Step three: invest

Where to start as a freelance writer - Copify blog 4It’s hard starting as a freelance writer. Investing is a huge part of getting started – primarily, this means in yourself. Staying on track is key, so ensure you concentrate on confidence and self-belief, which sounds cheesy but it’s true!

Of course, money does come into this stage too. If you start gaining ground and getting some of your writing out there, you can begin to consider reducing your hours at your 9-5 job to dedicate more time to your craft. However, be wary of jumping into freelance writing too quickly: the average UK freelance writer earns £100 daily, so if you’re not up to this sort of level yet, don’t quit your day job to ensure you don’t financially jeopardise yourself.

Step four: don’t forget your online presence!

It can be really easy to get carried away with writing to the point that you forget that essentially, you are now your own brand. Combined with your established niche, this makes you an attractive talent for publications online (and offline) – but part of showcasing yourself comes down to having a visible portfolio at hand; not just a back catalogue of work that you can provide links to when requested. How do you have a portfolio? It’s simple: have a website.

Whether you use WordPress, Wix or Squarespace, all three companies can help you build and maintain a website that showcases your writing. Your website won’t just host your work, but will also provide you with an ‘About’ page and ‘Contact’ page, so those looking for your writing talents can get to know you a little and know how to reach out to you.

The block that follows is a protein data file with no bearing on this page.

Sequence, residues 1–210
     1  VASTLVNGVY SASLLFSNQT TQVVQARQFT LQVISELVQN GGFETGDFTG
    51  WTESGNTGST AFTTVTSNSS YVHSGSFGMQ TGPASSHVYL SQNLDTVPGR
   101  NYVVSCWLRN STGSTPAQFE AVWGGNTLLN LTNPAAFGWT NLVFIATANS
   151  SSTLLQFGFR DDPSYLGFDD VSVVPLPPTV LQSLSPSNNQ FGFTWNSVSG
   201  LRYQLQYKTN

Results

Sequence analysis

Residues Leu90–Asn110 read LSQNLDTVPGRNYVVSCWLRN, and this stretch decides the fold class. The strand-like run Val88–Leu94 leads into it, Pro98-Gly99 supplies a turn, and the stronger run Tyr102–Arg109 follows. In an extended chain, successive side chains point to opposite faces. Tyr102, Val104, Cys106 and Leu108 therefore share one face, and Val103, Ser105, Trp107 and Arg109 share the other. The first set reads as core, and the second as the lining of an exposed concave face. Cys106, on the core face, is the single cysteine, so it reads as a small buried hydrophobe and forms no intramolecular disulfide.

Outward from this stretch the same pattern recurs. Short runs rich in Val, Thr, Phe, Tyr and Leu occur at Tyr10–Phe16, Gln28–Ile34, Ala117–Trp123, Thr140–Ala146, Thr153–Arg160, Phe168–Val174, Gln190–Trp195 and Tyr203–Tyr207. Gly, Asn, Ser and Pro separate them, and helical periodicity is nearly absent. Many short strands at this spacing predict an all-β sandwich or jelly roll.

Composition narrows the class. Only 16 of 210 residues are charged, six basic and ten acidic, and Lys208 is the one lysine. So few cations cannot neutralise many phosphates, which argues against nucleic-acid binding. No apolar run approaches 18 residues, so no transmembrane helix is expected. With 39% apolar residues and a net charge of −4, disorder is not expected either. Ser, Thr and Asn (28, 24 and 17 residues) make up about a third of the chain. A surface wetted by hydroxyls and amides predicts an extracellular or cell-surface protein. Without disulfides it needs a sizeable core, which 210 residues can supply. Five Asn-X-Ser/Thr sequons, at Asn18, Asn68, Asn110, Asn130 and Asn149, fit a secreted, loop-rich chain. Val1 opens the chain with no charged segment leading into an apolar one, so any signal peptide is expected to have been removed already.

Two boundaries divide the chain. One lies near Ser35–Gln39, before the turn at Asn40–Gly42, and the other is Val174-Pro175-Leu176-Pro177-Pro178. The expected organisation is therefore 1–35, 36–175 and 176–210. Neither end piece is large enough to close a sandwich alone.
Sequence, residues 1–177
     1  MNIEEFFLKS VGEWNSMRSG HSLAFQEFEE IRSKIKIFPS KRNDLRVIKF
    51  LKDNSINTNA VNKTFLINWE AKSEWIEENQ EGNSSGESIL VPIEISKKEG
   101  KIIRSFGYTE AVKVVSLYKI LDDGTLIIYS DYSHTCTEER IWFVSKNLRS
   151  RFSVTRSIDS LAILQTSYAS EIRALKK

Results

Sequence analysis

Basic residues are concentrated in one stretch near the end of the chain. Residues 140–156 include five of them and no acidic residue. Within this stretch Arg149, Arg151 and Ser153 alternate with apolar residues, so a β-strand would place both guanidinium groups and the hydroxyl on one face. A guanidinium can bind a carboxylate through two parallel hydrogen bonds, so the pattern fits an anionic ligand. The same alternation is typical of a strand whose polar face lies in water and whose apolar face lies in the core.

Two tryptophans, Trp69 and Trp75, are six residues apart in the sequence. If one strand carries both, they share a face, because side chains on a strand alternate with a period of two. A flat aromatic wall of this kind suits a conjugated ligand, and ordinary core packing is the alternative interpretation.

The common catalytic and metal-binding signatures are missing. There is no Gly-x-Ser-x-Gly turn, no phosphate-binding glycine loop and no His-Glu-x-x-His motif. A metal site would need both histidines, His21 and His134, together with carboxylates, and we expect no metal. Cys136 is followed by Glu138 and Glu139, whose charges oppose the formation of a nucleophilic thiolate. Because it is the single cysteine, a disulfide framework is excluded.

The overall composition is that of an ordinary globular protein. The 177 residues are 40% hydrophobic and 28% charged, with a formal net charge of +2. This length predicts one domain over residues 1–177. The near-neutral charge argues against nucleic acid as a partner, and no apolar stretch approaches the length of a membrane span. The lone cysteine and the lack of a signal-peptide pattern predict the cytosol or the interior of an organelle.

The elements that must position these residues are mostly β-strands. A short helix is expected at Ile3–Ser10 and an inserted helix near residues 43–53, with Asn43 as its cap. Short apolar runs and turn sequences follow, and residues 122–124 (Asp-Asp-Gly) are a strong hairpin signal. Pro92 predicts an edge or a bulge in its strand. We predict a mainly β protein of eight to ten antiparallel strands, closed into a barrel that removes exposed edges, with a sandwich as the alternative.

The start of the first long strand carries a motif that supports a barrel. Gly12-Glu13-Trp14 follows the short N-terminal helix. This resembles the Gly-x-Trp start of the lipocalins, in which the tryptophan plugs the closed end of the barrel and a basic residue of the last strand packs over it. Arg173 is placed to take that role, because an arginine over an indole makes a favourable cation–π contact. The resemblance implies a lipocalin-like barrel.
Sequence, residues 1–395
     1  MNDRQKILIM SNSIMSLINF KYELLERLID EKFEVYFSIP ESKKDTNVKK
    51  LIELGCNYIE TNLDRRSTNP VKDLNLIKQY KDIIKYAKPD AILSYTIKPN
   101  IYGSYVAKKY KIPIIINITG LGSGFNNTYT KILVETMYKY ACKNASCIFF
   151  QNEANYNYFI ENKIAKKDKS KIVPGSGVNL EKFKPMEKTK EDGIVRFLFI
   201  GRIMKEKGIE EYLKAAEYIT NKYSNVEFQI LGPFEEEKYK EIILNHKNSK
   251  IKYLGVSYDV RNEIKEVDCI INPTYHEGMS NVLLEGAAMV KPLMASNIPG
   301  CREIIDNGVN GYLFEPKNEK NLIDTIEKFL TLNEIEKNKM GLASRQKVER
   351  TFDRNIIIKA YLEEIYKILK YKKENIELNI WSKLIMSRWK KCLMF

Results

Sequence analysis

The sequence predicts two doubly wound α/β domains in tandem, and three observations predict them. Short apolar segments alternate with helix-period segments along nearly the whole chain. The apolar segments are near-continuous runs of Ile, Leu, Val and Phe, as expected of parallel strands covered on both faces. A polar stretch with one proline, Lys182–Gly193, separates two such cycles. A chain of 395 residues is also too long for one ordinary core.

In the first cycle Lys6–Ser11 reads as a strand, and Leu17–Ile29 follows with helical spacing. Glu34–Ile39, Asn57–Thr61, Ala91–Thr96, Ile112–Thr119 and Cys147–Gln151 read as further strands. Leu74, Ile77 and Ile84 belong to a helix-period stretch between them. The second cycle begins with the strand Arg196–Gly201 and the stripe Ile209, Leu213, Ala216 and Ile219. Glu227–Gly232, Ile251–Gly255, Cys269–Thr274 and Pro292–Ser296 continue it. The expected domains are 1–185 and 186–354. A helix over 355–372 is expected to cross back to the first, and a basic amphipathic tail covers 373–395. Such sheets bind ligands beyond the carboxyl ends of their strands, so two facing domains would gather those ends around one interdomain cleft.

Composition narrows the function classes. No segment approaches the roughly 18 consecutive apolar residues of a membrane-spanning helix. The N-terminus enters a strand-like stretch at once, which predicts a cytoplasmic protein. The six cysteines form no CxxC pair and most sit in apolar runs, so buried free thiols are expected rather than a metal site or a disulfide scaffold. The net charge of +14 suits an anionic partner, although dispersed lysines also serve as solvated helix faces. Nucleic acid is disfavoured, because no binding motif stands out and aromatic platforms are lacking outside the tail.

As a freelance writer, you likely won’t get interviews in a traditional job sense any more – so your website operates as your CV, portfolio, interview and pitch, all in one. Make the most of it!

Is there a quicker way to get experience in freelance writing?

In short, there isn’t. By following the steps above, you’re sure to become an established freelance writer over time. Of course, if you want freelance writing work that is more reliable, where you can choose what you want to write and get paid, then Copify is a fantastic place to get started.

Opportunities like Copify give you real experience with real clients, so you’ll get an idea of briefs you could be working to, and a more eclectic range of experience.

Remember: niche, pitch, invest, presence. With those four words in mind, as long as you keep dedicating time to your writing craft, you’re sure to discover a hugely rewarding, exciting career as a freelance writer.

Main image credit: Photo by Ali Yahya on Unsplash

Internal image credits: Photo by Iris Wang on Unsplash, Photo by Sharon McCutcheon on Unsplash

Anna Trogstad

Anna is a 24-year-old Copywriter and aspiring Art Director currently living in Worcester. She is resolute in her belief that GIF should be pronounced GIF and, like every 24-year-old grandma, loves jigsaw puzzles and thick socks.